But why? I’ve used public women’s bathrooms all my life, and I have never seen anyone’s private parts. And if you are in a stall shower with the curtain shut, why would it matter who else was nearby doing their thing? When I was in Europe for work, I noticed that many places just had unisex bathrooms, and I didn’t feel unsafe. Someone not using a public bathroom for one of its intended purposes does not belong there, regardless of gender identity.

    Also, it kind of annoys me that men near babies are assumed to be perverts (from the blog post linked by MJJ). When my oldest was a toddler, my spouse was the primary caregiver, and people looked at him like he was a monster just for being in a park with kids playing nearby when he took her there.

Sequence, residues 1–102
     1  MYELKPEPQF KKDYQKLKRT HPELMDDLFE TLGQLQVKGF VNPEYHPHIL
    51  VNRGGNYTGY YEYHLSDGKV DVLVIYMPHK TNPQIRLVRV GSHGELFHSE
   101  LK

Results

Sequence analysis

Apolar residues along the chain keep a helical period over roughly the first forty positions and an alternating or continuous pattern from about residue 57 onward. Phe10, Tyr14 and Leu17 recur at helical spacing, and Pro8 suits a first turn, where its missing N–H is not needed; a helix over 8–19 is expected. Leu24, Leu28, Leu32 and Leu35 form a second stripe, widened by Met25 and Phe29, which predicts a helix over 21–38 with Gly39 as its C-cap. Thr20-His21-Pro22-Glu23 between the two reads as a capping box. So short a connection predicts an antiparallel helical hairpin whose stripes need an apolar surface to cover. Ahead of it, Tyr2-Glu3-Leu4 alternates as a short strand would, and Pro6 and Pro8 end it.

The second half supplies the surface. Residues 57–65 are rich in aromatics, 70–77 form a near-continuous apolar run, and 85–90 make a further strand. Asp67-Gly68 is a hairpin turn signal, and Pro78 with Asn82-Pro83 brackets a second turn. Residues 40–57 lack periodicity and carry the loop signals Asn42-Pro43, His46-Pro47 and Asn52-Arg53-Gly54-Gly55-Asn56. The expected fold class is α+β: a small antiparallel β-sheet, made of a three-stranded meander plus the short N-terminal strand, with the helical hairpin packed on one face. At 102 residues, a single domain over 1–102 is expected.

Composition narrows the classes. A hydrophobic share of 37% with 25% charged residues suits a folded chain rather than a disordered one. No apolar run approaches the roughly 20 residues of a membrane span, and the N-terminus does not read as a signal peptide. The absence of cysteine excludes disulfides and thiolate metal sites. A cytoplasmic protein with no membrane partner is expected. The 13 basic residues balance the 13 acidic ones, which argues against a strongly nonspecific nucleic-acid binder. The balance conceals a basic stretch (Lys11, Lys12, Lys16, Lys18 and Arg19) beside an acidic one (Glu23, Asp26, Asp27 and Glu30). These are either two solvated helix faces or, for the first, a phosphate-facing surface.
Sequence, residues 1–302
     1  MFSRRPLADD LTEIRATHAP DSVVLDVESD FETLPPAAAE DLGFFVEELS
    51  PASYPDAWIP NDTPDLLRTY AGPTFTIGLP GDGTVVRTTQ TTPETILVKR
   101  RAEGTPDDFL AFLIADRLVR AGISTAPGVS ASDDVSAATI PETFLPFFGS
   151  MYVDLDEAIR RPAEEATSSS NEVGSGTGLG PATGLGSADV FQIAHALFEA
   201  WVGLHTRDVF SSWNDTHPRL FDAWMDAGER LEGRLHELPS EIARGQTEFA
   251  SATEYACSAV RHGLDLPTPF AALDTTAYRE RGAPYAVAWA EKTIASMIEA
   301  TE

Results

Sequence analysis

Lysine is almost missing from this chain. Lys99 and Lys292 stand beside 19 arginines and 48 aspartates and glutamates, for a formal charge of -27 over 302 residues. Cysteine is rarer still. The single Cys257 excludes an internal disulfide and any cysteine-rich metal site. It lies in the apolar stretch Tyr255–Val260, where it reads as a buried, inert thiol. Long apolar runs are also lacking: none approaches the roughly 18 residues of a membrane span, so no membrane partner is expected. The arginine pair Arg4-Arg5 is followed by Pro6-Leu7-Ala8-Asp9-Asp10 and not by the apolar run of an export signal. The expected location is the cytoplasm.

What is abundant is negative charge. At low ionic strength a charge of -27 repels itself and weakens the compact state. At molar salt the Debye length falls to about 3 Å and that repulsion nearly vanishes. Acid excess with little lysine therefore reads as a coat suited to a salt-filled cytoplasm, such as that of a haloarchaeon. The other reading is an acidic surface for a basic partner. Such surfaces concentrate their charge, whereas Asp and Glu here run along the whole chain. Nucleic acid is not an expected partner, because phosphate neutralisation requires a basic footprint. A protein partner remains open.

The gym shower issue is substantially different. While I personally think that people who don’t want to see others naked should change in a stall shower rather than at a locker, being unable to shower in a gym does not restrict someone from public life the way refusing them a bathroom does, even if some people want to be discriminatory there. I can’t remember the last time I was in a women’s locker room that didn’t have stall showers.

    I’d bet a lot of money that more gender non-conforming ciswomen are harassed in women’s bathrooms than there are men who wander in to a women’s bathroom to sneak a peek. No law is going to prevent sexual predators from going into bathrooms to assault people. Bathroom laws just make trouble for people who appear outside the norm.

  5. 5
    Ruchama says:

    Should women who do not want to change or bathe around people with penises be given any consideration?